Donna Barstow, a political cartoonist who draws for publications such as Psychology Today, and who claims to draw for The New Yorker and other such publications, has a very unique yet impenetrable style. In her cartoons "Arnold as Baby-daddy for Father's Day" and "Nobody is Born a Conservative," a strange amalgam of technique, style and depiction of humor is used to attempt at political discourse. However, it must be ultimately stated that her cartoons are devoid of clear message, crudely drawn, and obtuse to the point of uselessness. These two cartoons, after careful analysis, seem to attempt at analysis and statement but instead stoop to the level of crude, flat jokes about vague political issues, far from the caliber of real New Yorker cartoons but, in many ways, far more fascinating in their obtuse, indecipherable nature.
In "Nobody is Born a Conservative," a pregnant woman stands in front of a doctor at a crudely drawn doctor's office, with the caption reading "It's a boy, Mrs. Seipp, but we won't know for a while whether he's liberal or conservative." The cartoon is entirely in black and white, with crude, Far Side-like drawing style that attempts at real shapes but its perspective is extremely skewed. The doctor himself has no face to speak of, only a hint at a nose and mouth, and the floor of the doctor's office seems to slope toward us in gravity-defying ways. A signature and two watermarks cut into the middle and edge of the cartoon, often obscuring our view. The political message is somewhat unclear, looking at the cartoon in and of itself. The implication seems to be that, over time, the child will grow into a person of one party or another, in a play on the typical expectation of asking whether the child is a boy or a girl. However, with that being the only statement being said, and it being such an obvious point, it does not really scratch the surface of any political leaning. In this way, it defies definition, in that this political cartoon seems to create the illusion of a statement without managing to say anything at all.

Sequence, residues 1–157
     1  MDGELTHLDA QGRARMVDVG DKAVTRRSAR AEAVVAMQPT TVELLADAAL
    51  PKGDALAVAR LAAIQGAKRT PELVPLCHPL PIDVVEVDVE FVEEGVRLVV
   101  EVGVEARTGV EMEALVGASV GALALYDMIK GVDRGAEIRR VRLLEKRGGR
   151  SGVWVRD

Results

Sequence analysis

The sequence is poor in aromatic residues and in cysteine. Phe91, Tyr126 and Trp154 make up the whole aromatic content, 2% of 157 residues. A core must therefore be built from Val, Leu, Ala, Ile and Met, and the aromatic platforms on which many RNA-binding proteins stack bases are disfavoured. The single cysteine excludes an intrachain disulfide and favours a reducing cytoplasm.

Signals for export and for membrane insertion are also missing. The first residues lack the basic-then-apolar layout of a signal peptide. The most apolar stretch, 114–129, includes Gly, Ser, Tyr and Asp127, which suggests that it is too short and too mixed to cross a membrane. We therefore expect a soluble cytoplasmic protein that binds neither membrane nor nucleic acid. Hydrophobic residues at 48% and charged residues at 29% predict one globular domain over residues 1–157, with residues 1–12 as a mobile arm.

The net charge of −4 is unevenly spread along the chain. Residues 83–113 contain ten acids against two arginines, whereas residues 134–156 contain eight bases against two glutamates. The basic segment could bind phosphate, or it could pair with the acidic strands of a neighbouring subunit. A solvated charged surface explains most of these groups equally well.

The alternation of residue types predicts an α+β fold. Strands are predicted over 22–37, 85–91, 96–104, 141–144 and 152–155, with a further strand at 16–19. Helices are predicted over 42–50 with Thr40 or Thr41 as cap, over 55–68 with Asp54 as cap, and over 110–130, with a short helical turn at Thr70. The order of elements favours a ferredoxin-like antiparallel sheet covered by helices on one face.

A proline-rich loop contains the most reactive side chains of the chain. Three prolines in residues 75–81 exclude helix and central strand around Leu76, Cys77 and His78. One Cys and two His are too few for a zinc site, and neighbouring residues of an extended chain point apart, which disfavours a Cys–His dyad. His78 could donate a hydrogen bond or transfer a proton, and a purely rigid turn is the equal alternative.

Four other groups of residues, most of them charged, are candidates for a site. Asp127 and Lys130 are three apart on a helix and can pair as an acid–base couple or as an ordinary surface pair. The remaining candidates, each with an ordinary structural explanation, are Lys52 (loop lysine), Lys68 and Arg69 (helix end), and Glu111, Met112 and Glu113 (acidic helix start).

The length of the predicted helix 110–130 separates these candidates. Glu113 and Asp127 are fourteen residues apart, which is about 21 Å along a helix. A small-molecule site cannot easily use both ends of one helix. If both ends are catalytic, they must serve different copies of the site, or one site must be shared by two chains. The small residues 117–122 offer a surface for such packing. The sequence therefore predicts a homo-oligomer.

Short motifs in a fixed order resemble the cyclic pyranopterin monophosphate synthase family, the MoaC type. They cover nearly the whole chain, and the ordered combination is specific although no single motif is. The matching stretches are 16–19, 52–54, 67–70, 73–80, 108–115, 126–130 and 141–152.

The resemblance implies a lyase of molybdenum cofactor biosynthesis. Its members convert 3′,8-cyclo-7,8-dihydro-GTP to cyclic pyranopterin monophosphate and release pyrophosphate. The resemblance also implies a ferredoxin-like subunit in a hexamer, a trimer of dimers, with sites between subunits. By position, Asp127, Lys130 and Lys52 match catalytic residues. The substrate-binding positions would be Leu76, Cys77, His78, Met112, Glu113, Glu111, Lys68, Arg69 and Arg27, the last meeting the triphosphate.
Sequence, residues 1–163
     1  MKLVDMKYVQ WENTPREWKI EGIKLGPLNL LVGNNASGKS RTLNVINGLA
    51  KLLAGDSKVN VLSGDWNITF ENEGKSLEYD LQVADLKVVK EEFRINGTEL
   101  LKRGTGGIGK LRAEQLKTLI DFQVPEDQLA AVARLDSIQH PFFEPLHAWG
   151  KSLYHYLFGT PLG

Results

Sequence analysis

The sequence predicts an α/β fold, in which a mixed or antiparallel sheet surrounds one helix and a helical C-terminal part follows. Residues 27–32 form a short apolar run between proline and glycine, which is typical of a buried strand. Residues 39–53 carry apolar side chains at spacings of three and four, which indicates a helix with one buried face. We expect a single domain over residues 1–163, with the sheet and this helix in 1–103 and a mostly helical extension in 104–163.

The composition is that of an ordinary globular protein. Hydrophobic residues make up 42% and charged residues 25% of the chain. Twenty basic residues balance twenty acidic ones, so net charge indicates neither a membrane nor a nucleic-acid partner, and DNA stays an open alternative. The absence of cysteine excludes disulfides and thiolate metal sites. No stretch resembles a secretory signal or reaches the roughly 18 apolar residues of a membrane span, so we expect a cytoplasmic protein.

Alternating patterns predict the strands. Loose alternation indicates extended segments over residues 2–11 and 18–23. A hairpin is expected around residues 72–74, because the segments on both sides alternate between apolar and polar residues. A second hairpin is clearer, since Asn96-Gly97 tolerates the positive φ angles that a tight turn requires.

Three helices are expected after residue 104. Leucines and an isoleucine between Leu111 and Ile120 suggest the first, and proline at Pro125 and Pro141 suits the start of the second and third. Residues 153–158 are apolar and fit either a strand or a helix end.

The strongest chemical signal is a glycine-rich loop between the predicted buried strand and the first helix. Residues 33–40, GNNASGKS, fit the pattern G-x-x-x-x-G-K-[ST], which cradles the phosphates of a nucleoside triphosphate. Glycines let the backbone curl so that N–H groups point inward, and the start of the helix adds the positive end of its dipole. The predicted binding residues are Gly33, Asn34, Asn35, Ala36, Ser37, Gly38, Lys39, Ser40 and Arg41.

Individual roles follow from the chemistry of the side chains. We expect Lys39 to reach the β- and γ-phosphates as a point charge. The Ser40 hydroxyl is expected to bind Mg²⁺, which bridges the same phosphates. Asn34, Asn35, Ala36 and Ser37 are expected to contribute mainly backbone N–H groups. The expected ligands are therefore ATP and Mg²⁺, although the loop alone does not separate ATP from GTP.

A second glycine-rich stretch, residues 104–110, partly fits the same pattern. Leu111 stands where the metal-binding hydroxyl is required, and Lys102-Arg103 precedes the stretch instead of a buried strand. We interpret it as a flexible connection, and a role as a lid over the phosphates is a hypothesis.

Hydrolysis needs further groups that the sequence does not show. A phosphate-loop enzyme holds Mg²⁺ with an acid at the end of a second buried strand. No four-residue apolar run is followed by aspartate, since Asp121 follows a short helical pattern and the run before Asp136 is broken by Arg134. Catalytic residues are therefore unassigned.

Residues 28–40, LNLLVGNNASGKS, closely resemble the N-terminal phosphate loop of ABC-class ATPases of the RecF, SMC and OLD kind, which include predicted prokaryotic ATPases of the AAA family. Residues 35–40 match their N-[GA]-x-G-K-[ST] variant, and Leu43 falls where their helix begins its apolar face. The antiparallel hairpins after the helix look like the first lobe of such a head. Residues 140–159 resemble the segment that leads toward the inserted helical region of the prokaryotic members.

"Arnold as Baby-Daddy for Father's Day" is no different; featuring a strangely grimacing Arnold, drawn with a five-year-old's skill with tie askew, he is the only person in color with a seemingly-tiny California flag next to him. His text reads "Yes. I was a movie star, a groping governor, and now an adulterous father of a ba love child. I hope you will accept me as a true American hero." This single sentence appears to be the joke, as Barstow simply delivers the joke via the caption and not through any skilled drawing on her part. As with before, the joke is impenetrable; we assume that Barstow believes that the media still favors Arnold, while still making the implication that "love child" is a preferred alternative to calling it a "bastard" through crossing out the first attempt at writing that.
Donna Barstow, through her visually unappealing, strange technique and her complete lack of wit in her political cartoons, may potentially be the worst political cartoonist working today. While other cartoonists use crudeness and simplicity of drawing to great effect or purpose, the overall point of Barstow's work seems to be straightforward, surface-level political jabs that perplex all but her. To that end, it is difficult to discern what value this political cartoonist can provide to improving discourse other than to show how it should not be done.
Barstow, Donna. "Nobody is Born a Conservative." Web. 6 May 2011. <
Barstow, Donna. "Arnold as Baby-daddy for Father's Day." Web. 19 June 2011. < http://opedcartoons.com/2011/06/19/arnold-as-baby-daddy-for-fathers-day/>.